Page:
“(Gardner-Webb) made an adjustment at halftime. They stopped our transition,” Cook said, referring to the Bulldogs deciding to leave their point guard or shooting guard back to slow the Duke break.
“We weren’t sharp in the halfcourt. We were so used to getting up and down in transition in the first half, I think we kind of wanted to get back to that and they were stopping us.”
The first half, though, was proof enough of what this offense — even a bit rusty after a long break — is capable of doing.
Duke has seen a lot of zone defense, and it will likely encounter more of it in the weeks ahead. But opposing teams that use such a strategy always sacrifice something. Usually, that’s an opportunity to get offensive rebounds.
But if Duke’s opponents aren’t missing a ton of shots, it won’t matter. The Blue Devils have to learn to score more effectively in the halfcourt, and stretches of this game showed that, too.
“We got stagnant. That’s pretty much it,” Duke’s Rodney Hood said of the Blue Devils’ dry spell. “We got stagnant, stopped sharing the ball. But for the most part, for most of the game I think we played well offensively. We could score anytime we really wanted to. We missed some shots we normally make.”
3. What’s going on with Rasheed Sulaimon?
It’s the question du jour amongst college basketball fans, and particularly Duke fans.
Sulaimon, a sophomore who was on the Naismith Award preseason watch list, had seen at least 13 minutes in every Duke game leading up to the clash with Michigan (healthy DNP).
When Krzyzewski was asked about it on Nov. 29, he said Sulaimon needed to play better to see more time. It was that simple.
Well, nearly two weeks later against Gardner-Webb, Sulaimon saw five total minutes and missed both his shot attempts. He also committed one foul.
More importantly than his stat line, though, he just looked tentative and unsure.
But his teammates are on his side, and they feel this is just a bump in the road for the talented guard.
“Rasheed’s been doing so much better, especially over this two-week break. We’ve just been in the gym working out,” Hood said. “Everybody knows he can play, and he knows he can play. It’s just a matter of him doing it consistently on an everyday basis.
“He’s one of the best players on our team, and we need him to come on and be who he is. That’s only going to help us.”
Sulaimon’s biggest issue, of course, is that there are alternatives. He had to play more as a freshman. But now, freshman Matt Jones (a good defender) and graduate student Andre Dawkins — who took a year off from basketball last year and is one of the best shooters in the country — are starting to play very well.
Particularly Dawkins, who had 18 points off the bench against Gardner-Webb and looks more confident with each game.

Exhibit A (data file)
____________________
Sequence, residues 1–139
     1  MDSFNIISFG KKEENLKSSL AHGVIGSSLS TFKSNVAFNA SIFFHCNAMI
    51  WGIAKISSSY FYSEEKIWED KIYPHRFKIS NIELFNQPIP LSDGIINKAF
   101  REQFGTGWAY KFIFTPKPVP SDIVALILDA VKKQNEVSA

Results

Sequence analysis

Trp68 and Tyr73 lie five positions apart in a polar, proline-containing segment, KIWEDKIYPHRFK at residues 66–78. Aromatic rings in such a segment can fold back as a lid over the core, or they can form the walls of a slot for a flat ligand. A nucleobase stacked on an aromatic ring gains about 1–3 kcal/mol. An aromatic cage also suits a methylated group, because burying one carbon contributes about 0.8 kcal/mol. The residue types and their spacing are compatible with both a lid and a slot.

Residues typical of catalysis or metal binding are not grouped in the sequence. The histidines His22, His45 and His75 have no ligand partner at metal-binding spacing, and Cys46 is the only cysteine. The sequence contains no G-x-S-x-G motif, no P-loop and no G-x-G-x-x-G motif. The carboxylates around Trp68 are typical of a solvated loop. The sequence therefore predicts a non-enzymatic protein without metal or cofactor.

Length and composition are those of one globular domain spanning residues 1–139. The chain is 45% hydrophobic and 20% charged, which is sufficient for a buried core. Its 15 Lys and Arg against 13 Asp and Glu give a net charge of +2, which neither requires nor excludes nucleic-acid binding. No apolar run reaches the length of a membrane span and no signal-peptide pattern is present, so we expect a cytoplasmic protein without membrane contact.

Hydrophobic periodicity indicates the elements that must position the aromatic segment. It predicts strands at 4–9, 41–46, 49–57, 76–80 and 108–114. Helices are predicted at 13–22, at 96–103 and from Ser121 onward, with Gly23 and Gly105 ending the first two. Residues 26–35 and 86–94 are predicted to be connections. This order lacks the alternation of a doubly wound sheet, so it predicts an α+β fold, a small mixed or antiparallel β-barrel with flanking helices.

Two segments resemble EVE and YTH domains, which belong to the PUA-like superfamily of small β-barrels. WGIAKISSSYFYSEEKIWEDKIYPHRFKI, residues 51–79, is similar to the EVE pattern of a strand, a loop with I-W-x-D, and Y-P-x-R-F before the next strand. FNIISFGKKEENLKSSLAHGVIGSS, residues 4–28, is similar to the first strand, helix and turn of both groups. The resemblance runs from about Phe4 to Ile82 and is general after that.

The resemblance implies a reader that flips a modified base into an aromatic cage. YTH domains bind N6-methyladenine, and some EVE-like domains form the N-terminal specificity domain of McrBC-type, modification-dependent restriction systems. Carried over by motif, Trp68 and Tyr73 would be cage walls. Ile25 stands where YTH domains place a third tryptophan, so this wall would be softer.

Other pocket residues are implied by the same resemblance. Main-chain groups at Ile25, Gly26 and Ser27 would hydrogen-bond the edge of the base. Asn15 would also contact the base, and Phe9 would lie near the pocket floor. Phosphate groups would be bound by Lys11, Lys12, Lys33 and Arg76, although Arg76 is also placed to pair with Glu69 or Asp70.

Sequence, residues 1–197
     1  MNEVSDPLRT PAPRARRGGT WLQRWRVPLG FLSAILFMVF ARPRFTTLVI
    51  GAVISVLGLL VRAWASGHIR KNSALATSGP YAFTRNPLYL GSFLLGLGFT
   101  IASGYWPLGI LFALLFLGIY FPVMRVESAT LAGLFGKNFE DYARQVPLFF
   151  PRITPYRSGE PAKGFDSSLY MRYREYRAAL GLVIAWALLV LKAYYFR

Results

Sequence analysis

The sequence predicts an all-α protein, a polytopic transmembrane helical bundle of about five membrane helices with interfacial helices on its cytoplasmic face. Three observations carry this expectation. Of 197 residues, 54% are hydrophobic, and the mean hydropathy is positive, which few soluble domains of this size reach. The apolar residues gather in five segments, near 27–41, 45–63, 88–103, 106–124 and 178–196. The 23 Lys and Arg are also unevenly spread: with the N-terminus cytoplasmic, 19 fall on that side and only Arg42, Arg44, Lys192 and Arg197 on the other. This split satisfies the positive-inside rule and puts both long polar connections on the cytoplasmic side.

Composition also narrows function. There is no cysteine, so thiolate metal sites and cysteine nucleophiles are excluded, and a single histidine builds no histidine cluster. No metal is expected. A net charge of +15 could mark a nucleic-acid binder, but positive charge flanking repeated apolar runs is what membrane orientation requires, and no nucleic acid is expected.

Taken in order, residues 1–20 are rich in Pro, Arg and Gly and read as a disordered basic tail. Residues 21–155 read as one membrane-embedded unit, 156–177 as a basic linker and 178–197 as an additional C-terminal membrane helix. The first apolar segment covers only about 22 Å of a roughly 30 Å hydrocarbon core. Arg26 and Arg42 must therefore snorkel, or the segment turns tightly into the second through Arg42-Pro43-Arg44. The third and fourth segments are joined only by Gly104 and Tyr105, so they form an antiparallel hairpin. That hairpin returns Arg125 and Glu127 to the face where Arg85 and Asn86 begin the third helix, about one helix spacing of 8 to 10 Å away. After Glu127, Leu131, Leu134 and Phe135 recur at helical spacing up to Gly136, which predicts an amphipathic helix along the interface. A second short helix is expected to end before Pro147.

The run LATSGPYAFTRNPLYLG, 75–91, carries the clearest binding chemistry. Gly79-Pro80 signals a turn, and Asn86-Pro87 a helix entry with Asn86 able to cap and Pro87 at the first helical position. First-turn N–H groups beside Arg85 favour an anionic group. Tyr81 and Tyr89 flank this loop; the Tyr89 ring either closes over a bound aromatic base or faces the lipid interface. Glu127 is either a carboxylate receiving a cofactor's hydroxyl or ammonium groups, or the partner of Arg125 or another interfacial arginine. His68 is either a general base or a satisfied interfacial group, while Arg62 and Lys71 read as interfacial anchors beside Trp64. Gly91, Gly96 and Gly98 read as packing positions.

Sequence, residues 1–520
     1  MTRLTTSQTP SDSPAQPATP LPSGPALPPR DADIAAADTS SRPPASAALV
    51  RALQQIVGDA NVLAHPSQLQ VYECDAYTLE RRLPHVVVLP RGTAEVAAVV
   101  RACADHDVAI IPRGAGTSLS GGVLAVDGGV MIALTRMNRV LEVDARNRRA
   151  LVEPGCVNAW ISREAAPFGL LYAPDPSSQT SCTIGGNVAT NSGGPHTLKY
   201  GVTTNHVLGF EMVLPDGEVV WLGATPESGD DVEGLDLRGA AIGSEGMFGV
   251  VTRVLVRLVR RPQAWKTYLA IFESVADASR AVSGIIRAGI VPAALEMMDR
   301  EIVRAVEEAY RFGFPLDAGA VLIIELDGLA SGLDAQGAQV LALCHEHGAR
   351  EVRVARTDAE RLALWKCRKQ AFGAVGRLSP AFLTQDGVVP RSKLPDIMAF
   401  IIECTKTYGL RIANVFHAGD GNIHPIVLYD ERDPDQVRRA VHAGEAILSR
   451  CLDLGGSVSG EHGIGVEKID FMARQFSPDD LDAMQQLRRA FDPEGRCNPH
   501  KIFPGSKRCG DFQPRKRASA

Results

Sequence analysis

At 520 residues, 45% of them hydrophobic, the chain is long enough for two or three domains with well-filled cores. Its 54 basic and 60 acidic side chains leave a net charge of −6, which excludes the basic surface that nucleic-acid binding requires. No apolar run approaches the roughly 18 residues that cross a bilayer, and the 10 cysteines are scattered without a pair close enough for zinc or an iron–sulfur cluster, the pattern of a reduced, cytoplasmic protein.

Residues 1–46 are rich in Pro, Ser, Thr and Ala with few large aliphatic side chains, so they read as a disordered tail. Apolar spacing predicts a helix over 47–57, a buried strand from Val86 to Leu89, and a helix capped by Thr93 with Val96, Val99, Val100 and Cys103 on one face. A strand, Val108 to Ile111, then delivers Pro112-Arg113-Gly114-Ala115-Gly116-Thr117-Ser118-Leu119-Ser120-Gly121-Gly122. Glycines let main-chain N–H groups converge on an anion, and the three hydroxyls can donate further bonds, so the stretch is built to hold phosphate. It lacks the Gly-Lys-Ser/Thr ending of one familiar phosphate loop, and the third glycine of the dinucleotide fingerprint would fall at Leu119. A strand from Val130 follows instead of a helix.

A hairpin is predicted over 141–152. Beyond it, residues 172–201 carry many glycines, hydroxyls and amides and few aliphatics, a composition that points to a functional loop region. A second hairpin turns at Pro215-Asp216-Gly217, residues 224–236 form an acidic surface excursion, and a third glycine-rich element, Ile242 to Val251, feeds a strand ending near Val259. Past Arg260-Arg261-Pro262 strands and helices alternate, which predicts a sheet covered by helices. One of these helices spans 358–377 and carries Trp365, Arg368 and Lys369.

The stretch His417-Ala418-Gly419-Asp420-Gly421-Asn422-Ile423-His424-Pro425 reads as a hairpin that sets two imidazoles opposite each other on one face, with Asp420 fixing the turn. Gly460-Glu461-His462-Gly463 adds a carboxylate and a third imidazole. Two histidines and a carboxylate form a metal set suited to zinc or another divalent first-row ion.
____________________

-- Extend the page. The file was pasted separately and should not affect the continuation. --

Dawkins was in Sulaimon’s position not long ago, seeing a few minutes a game — if that -— earlier in the season, trying to completely heal from a back injury.
“Andre’s been off for a year. Three weeks ago at this time, he wouldn’t have played like he did (Monday). And so things change, they just change, and you hang in there with everybody,” Krzyzewski said. “Hopefully no one gets hurt and you have enough guys playing well to have a chance to win. That part of it is not complicated.”
And Krzyzewski reiterated playfully to the media — in case it was “still in football mode or whatever” — there are only 200 minutes in a game. Cook, Parker and Hood are going to see close to 40 per night, or certainly at least 100 amongst them.
“Whenever someone says, ‘Well, someone’s not playing,’ well, who would they play for? Or are you going to give me magically 25 more minutes? But I don’t want that, because that means we go into overtime. That’s just the way it is,” Krzyzewski said.
Matt Jones is playing as well as anyone on the Duke roster, but even he didn’t see a ton of minutes against Gardner-Webb, thanks to Dawkins’ strong play.
Competition is stiff between those three for playing time, and Krzyzewski is always going to limit his rotation to the players who are playing the best at that particular time, period.
But like Hood, Krzyzewski and the rest of the coaches just want Sulaimon to get back to the form he had last year. It’s almost all mental, seemingly, for the sophomore. He’s in a slump.
“You’re just on his side. He’s not playing well. You can see it,” Krzyzewski said. “It’s not about attitude. He’s got a good attitude. He’s a good team player. It’s just not going well for him.
“It’s kind of like in baseball — one of your really good hitters is striking out all the time, can’t get a hit. You’ve just got to keep positive with him, try to help.”